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Teenage drug overdose deaths have increased during a pandemic fueled by illicit fentanyl

According to a report by the Centers for Disease Control and Prevention, teenage drug overdose deaths have increased during the Covid-19 pandemic, largely attributable to illegal fentanyl.

Monthly drug overdose deaths nearly tripled amongst teens aged 10 to 19 in the primary two years of the pandemic. The variety of deaths increased from 31 in July 2019 to 87 in May 2021, then decreased to 51 in December 2021.

“While the variety of deaths appears to have began to say no towards the tip of 2021, it remains to be alarmingly higher than in 2019.” the authors wrote within the CDC’s Weekly Report on Morbidity and Mortality, which was released Thursday.

More than 2,200 teenagers overdosed over a 2.5 12 months period, 96% of whom were teenagers between the ages of 15 and 19. Fentanyl accounted for 84% of deaths, while opioids of any type were related to 91%.

Teen deaths with fentanyl nearly quadrupled from 21 in July 2019 to a peak of 78 in May 2021, before dropping to 44 in December 2021.

About 70% of the victims were boys and 30% girls. About 60% of the dead were white, 21% were Hispanic, and 13% were black.

Fentanyl is a synthetic opioid that, in keeping with the National Institute on Drug Abuse, is as much as 100 times stronger than morphine. It is used as a prescription drug within the US to treat people affected by severe pain after surgery. However, illicitly produced fentanyl, often consumed in pill form, is becoming an increasingly common reason behind overdose deaths.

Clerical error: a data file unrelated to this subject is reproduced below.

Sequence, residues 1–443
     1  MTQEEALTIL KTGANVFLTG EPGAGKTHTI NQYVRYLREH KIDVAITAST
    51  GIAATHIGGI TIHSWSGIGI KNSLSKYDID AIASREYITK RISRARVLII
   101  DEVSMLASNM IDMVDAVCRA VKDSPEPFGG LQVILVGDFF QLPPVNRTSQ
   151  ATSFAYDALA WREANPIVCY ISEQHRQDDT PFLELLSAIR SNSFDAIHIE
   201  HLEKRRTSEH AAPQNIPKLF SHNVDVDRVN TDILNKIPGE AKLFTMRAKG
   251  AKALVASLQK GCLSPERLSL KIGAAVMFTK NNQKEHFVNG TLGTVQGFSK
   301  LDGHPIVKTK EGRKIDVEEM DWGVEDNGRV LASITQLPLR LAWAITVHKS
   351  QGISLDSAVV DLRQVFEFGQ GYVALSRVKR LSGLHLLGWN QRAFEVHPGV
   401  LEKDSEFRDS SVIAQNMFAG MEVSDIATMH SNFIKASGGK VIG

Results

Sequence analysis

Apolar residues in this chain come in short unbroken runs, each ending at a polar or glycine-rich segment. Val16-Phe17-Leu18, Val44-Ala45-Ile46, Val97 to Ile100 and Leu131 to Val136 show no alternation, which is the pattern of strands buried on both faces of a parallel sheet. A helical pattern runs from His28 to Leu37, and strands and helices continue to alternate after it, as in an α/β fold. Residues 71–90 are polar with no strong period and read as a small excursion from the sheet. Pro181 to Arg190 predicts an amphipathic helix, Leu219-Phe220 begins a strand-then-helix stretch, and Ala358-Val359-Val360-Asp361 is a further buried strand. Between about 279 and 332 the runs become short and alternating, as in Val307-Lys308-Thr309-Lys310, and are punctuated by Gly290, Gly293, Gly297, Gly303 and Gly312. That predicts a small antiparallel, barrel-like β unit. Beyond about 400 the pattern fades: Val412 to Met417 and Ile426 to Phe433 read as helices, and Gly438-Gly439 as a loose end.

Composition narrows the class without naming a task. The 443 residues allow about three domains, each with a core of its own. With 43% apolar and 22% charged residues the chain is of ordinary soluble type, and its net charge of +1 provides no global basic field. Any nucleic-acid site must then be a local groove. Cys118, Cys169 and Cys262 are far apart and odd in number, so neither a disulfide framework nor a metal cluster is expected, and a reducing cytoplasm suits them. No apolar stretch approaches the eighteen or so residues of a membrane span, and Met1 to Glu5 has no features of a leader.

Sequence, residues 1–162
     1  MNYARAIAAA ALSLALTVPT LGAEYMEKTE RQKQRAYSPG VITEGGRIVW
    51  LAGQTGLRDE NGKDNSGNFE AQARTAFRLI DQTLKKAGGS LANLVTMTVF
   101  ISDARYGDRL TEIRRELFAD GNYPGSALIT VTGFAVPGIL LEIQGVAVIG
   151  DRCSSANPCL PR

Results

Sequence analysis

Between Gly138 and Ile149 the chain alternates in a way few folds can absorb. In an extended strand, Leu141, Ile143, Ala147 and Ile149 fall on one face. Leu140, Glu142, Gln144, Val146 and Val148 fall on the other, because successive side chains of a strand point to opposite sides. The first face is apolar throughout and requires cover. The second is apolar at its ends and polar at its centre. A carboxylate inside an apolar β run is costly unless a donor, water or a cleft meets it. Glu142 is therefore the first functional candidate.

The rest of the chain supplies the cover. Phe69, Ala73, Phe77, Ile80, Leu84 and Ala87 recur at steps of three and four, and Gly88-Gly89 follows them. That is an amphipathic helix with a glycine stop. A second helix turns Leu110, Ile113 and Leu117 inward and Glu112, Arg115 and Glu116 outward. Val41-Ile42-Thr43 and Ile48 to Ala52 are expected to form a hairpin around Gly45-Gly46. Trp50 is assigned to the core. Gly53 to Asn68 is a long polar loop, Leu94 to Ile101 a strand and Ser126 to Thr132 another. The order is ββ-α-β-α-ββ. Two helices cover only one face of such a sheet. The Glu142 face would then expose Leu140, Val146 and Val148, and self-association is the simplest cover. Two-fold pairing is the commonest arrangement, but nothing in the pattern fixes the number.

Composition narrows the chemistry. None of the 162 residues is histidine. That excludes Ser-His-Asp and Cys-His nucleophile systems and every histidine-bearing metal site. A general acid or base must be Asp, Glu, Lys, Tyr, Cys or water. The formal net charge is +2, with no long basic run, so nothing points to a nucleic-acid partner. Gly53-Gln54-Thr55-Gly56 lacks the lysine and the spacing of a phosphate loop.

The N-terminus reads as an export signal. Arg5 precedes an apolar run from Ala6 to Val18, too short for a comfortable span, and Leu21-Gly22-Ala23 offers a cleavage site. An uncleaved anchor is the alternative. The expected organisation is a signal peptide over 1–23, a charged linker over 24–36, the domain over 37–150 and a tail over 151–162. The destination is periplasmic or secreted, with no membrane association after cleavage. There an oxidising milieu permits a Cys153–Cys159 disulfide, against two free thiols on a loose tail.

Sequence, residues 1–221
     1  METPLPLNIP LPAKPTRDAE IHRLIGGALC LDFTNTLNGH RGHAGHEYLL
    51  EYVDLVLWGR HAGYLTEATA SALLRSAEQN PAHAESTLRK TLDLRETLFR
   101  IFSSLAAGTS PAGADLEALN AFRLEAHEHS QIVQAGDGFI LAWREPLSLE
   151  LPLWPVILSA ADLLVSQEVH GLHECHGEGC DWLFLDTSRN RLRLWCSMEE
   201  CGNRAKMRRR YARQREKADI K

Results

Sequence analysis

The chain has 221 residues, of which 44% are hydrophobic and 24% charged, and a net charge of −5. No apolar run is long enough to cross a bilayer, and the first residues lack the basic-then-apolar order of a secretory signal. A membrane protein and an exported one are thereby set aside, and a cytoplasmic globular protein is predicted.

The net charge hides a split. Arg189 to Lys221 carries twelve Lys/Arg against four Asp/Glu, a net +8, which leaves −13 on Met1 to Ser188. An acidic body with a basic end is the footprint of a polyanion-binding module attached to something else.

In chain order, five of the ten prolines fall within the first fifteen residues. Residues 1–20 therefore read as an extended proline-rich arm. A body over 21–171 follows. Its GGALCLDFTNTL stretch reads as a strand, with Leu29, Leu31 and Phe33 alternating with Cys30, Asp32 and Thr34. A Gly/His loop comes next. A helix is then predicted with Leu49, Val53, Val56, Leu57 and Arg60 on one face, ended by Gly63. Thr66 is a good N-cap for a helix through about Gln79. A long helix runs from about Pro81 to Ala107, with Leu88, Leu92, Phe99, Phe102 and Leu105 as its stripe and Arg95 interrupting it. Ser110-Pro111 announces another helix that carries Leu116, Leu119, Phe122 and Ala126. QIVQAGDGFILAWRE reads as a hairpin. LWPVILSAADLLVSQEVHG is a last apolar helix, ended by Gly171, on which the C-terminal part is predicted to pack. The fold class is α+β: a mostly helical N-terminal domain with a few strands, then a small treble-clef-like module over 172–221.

There is evidence that 25% of stripling overdose deaths may have been related to counterfeit pills, which frequently resemble OxyContin or Xanax but often contain fentanyl as well. This might be an underestimate, because in keeping with studies, pills present at crime scenes have not all the time been tested.

“It is unclear whether the kids intended to take legal pharmaceutical drugs or whether or not they were aware that the pills were counterfeit,” the authors wrote.

About 41% of people that overdosed had a history of mental health problems. About 24% had prior psychiatric treatment, 19% had been diagnosed with depression, and 15% had a history of suicidal or self-harming behavior.

The authors of the CDC study said it was extremely necessary to coach teens in regards to the dangers of fentanyl and to expand access to naloxone, a drug that may reverse an overdose. Teenagers must also be made aware of the potential presence of illicit fentanyl in tablets which will resemble pharmaceuticals.

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